Quinn on Nutrition: Everything old-fashioned is new again

January 2, 2017

Items of interest from our past we used to call "old-fashioned." Today they are "retro." And in the field of nutrition, some ideas from the past are worth taking with us into the future.

For example, the Campbell Soup Co. has resurrected a 101-year-old recipe for tomato soup that it plans to distribute on a limited basis, according to an article in Fortune magazine. The reason?

"A return to the old way of doing things in some way mirrors the challenges we see in the food and beverage industry today, as consumers demand cleaner and leaner foods with fewer artificial ingredients and colors," says a spokesperson for the company.

Maybe we shouldn’t emulate everything from the past, however. One major change Campbell made in reviving this retro soup from 1915: significantly cutting the amount of salt from the original recipe.

Some recipes from the past are also high in sugar which is frowned upon by current dietary guidelines. Yet a recent review of over 20 years of research on sugar and health questions whether sugar is absolutely bad for everyone. A person’s lifestyle and overall diet — sitting at a desk gulping down M&M’s and a soda for lunch versus working on a farm and having a slice of cake for dessert — are big determinants of how sugar affects one’s health, according to these researchers’ findings.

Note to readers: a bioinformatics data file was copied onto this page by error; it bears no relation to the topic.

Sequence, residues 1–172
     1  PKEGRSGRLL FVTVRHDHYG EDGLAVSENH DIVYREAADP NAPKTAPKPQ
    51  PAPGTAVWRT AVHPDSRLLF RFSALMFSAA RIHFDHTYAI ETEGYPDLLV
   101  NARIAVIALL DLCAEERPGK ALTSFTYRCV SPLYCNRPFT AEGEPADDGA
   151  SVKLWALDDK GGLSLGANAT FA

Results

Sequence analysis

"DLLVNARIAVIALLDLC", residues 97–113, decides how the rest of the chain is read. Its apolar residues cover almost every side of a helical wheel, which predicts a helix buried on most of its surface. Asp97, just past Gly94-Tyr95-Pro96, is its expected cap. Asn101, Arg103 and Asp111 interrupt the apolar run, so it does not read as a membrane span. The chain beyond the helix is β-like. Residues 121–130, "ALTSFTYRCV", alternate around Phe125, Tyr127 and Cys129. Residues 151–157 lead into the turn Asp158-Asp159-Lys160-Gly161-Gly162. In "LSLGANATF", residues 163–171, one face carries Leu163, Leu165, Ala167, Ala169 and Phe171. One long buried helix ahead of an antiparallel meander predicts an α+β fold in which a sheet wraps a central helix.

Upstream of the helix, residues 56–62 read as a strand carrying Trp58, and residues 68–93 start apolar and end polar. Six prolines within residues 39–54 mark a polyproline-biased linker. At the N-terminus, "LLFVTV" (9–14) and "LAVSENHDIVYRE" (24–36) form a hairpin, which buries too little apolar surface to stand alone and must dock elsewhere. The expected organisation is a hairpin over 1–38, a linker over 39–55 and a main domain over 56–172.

Nutrition scientists are also looking at old calories in new ways, according to a recent study in the journal of Food and Function. In looking at how various forms of almonds are processed in the body for energy, researchers from USDA’s Agricultural Research Service reported that whole natural almonds, whole roasted almonds and chopped almonds provide up to 25 percent fewer calories than previously believed. It’s the form in which they are consumed that affects their calorie content, these experts determined.

In this study, almond butter provided more calories (energy) than the same weight of chopped almonds. And the amount of calories absorbed from whole roasted almonds was more than the calories from whole natural almonds. (Roasting nuts makes them more easily digested, contributing more calories, these researchers explain.)

With all the changes ahead in nutrition and life in general, one retro concept that, I predict, will never go out of style is moderation. Too much of anything is never good for us, my grandfather used to say.

Excess alcohol or sugar or you name it — too much can cause us harm. And I doubt new research will ever find that slamming down more than one or two alcoholic drinks in a day or subsisting on sodas and candy bars will result in anything more than poor health results.

Those ideas will never be old-fashioned.




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